What are the key advantages of ultrasonic flowmeters over traditional technologies?

Ultrasonic flowmeters measure the velocity of flow in pipes. Compared to magnetic/electromagnetic flowmeters, mass flowmeters, turbine flowmeters, or otherwise, the greatest advantage of ultrasonic fluid flow measurement is that it is completely non-intrusive. All the other technologies have a much higher cost because not only do you have to buy the flowmeter, but you must also pay welders to come in to cut your pipe, weld flanges on, and more — all while your whole process is shut down.

With ultrasonic solutions such as the S-Flow from Fuji Electric, you can walk right up to the equipment, clamp the device around the pipe, and start measuring — without shutting anything down or making pipe modifications. It makes for an ultra-low-cost solution.

How do integral ultrasonic flowmeters such as S-Flow address small pipe challenges?

This newly available approach leverages small, compact measuring devices to integrate the measurements inside the manufacturing equipment, rather than measuring externally. In addition to the key benefits of a non-intrusive design, these clamp-on meters are specifically designed for small pipes and confined spaces and come standard with an accuracy of ±2.0%. They are significantly smaller than conventional technologies as the flow detector and transmitter are integrated to save space. Being lightweight and compact, they are easily installed on existing pipes inside manufacturing machines, while they are still running, and without grease, pipe mods, or sensor distance adjustments.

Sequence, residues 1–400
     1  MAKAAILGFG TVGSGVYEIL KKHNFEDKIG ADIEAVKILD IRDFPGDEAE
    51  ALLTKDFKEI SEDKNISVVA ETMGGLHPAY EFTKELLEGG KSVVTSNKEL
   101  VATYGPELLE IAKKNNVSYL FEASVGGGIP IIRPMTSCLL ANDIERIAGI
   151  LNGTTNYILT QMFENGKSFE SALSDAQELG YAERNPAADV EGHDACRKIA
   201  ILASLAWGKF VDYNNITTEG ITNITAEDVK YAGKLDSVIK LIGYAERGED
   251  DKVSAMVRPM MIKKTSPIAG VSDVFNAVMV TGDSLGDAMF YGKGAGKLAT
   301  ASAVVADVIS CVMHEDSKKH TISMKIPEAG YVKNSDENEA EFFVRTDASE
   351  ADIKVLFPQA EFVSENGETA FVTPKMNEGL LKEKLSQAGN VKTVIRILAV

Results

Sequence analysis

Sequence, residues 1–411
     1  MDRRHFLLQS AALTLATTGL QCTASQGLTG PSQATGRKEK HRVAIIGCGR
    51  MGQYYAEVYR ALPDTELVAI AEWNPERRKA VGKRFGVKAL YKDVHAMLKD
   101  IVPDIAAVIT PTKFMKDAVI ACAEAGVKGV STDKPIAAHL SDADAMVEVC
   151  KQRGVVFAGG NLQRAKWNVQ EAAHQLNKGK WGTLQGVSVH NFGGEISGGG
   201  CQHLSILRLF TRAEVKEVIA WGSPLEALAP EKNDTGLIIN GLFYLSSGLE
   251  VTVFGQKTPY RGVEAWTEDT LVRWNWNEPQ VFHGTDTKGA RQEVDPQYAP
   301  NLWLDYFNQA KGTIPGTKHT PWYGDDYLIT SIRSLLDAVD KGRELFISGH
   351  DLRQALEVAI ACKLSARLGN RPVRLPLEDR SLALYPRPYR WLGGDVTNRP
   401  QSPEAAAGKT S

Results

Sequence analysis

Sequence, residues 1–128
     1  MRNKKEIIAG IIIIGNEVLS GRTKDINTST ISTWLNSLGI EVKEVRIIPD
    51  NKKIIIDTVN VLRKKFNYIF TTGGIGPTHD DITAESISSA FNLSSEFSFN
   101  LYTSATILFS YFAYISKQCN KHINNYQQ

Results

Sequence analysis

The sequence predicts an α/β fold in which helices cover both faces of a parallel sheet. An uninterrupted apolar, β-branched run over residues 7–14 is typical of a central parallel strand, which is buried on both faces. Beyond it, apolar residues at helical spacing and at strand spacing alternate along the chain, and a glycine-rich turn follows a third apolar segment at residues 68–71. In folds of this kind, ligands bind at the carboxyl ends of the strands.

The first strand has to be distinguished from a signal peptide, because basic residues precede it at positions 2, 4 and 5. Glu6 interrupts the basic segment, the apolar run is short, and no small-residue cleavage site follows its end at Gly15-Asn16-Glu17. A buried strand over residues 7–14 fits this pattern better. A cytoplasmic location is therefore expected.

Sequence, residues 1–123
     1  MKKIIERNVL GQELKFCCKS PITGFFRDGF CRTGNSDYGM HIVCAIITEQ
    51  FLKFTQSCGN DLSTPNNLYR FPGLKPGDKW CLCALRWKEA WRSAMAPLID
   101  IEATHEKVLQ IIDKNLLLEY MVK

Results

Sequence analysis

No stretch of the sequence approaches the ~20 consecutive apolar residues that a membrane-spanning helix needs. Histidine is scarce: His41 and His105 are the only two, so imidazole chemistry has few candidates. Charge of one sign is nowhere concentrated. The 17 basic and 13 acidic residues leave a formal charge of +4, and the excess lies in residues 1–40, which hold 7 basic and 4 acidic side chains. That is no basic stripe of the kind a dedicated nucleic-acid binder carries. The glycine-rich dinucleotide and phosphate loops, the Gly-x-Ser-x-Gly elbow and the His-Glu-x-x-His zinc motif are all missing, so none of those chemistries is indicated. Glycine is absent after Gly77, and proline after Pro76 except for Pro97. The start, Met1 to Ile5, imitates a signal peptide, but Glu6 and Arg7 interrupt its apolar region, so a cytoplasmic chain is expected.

Ultrasonic fluid flowmeters of this nature are suitable for a wide variety of applications with pipes as small as one-quarter inch in diameter and for a wide range of pipe materials and fluids. The highly accurate flow rates are quickly visualized via transit-time method digital signal processing with a response time of 0.5 seconds. With an optional built-in temperature sensor, the flow rate and temperature can be simultaneously measured. Plants benefit in several ways, including equipment, energy, leak cost savings, and improvements in production process and compliance.